Stories, updates, insights, and original analysis from The Planetary Society.

An Amazing Evening for Planetary Defense

Bill Nye, Bruce Betts, Mat Kaplan, Meteorite Man Geoffrey Notkin and stars of planetary science at the Planetary Defense Conference public event in Flagstaff.

Vermin of the Sky

Executive Director Emeritus Louis Friedman writes about Asteroid programs of The Planetary Society.

Observing 2012 DA14

Mostly the Universe stays unchanged for hundreds, thousands or even millions of years. There are some cases however when some things change really rapidly. Recently I observed one of these rapidly changing, transient phenomena, as asteroid called 2012 DA14. I work for Las Cumbres Observatory and we have been trying to observe this asteroid since 5 February.

DPS 2012: Future impact risks

Continuing my writeup of notes from last week's Division for Planetary Sciences meeting: presentations on the risks of future asteroid impacts. How much risk do we face, and what are the appropriate actions to take in the face of that risk?

Hunting Asteroids from a Field in Kansas

TPS Shoemaker NEO Grant Winner Gary Hug hunts near Earth objects from his back yard in Kansas. NPR's Morning Edition picked up on this fascinating story.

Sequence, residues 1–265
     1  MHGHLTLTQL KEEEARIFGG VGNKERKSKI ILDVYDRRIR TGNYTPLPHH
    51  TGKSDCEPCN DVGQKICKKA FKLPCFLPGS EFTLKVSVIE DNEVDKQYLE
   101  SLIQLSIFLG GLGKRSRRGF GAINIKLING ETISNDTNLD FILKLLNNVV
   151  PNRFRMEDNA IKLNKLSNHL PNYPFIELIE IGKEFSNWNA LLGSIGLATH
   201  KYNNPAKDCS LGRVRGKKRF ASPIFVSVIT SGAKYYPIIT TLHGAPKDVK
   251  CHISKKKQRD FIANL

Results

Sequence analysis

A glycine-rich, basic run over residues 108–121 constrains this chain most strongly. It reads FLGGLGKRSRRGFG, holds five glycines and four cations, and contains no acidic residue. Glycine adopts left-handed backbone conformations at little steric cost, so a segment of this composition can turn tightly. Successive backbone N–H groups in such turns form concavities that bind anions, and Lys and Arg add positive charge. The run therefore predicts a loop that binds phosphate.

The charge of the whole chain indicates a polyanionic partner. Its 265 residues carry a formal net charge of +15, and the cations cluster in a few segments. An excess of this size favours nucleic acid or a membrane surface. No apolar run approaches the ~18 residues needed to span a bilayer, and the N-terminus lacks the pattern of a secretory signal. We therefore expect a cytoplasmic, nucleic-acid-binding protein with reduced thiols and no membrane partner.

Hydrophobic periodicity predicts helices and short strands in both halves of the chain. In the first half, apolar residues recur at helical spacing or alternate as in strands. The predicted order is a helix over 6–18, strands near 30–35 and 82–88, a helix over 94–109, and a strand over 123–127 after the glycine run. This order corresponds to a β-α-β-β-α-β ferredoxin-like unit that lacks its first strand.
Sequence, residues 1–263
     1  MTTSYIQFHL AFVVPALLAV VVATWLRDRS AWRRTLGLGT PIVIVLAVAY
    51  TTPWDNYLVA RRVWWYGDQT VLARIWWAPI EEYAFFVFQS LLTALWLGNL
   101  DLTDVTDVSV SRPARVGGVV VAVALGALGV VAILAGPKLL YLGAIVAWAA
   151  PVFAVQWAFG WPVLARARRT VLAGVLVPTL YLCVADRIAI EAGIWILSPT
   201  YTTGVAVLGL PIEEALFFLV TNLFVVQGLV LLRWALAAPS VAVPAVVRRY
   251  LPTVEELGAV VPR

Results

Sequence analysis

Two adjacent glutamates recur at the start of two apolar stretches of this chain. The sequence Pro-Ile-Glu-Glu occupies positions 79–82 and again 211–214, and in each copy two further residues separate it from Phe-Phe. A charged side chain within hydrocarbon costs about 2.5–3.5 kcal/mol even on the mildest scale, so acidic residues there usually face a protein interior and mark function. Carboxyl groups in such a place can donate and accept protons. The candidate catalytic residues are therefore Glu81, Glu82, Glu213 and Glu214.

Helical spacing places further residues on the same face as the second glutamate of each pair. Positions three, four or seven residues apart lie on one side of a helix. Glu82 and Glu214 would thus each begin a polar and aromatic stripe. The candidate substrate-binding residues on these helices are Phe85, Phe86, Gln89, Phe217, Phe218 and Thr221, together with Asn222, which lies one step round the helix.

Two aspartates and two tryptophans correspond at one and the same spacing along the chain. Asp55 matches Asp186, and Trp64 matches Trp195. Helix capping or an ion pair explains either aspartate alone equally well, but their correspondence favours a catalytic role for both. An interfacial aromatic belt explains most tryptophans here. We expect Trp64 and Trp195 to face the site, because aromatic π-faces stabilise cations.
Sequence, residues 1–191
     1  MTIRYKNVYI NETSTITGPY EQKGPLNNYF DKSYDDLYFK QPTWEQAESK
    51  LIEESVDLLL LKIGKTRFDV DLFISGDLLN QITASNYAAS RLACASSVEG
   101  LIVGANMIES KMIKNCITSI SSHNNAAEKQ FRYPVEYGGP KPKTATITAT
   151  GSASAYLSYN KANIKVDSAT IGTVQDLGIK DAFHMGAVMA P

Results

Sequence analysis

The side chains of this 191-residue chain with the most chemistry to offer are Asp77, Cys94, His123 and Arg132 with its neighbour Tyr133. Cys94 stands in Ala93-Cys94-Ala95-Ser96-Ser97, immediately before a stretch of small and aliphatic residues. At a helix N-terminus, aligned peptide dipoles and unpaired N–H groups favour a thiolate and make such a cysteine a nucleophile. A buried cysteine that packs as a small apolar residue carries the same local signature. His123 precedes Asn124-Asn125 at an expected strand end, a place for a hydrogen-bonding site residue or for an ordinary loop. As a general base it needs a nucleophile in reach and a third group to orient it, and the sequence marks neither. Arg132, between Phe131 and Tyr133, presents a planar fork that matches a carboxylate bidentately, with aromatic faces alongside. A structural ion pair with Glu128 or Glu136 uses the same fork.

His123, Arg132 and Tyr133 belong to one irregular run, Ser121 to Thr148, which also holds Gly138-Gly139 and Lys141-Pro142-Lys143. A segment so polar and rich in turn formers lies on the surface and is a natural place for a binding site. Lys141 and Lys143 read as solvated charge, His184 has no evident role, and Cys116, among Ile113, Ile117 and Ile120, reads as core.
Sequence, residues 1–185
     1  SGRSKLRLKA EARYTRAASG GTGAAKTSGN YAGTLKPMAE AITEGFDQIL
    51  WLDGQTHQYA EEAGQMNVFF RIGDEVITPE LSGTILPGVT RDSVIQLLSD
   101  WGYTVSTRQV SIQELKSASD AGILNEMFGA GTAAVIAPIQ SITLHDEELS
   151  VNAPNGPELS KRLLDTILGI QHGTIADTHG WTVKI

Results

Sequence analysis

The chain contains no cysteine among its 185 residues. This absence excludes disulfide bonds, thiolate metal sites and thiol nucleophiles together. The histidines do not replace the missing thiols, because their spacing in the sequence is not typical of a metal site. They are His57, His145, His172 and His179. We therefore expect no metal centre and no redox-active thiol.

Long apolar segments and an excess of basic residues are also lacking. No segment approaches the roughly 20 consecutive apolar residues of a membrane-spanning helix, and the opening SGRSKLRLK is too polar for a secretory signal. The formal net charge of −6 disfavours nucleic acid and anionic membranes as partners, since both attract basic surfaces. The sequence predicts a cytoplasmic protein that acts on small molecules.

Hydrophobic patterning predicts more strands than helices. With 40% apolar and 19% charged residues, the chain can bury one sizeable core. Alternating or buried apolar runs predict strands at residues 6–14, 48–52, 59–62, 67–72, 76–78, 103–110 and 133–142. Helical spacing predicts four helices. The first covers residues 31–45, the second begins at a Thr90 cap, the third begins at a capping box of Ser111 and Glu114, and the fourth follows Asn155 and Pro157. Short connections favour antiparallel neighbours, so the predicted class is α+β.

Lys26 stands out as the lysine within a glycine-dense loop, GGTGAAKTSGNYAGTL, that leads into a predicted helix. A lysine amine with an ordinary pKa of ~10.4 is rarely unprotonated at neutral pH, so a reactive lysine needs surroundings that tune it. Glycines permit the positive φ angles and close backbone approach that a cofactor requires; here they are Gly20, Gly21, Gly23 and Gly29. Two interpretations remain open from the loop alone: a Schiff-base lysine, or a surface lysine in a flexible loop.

A rare direct hit from a meteorite

Meteorites hit Earth all the time, but they almost never score direct hits on human-built structures (or humans, for that matter). Once in a while, though, direct hits do happen, and it looks like this recent event in Poland was the real thing.

Close approach to Earth turns Apollo into Aten

Last week we got buzzed by a very small asteroid, something that happens fairly often. But there were several details that made the close approach of asteroid 2011 CQ1 worthy of note.

Arecibo saves us from another potentially hazardous asteroid

That's a bit of an overdramatic title, but it's true that the most efficient way for us to reduce the risk we face from asteroids that have a very small chance of hitting Earth in the future is to determine their orbits more precisely.

< 1 23 >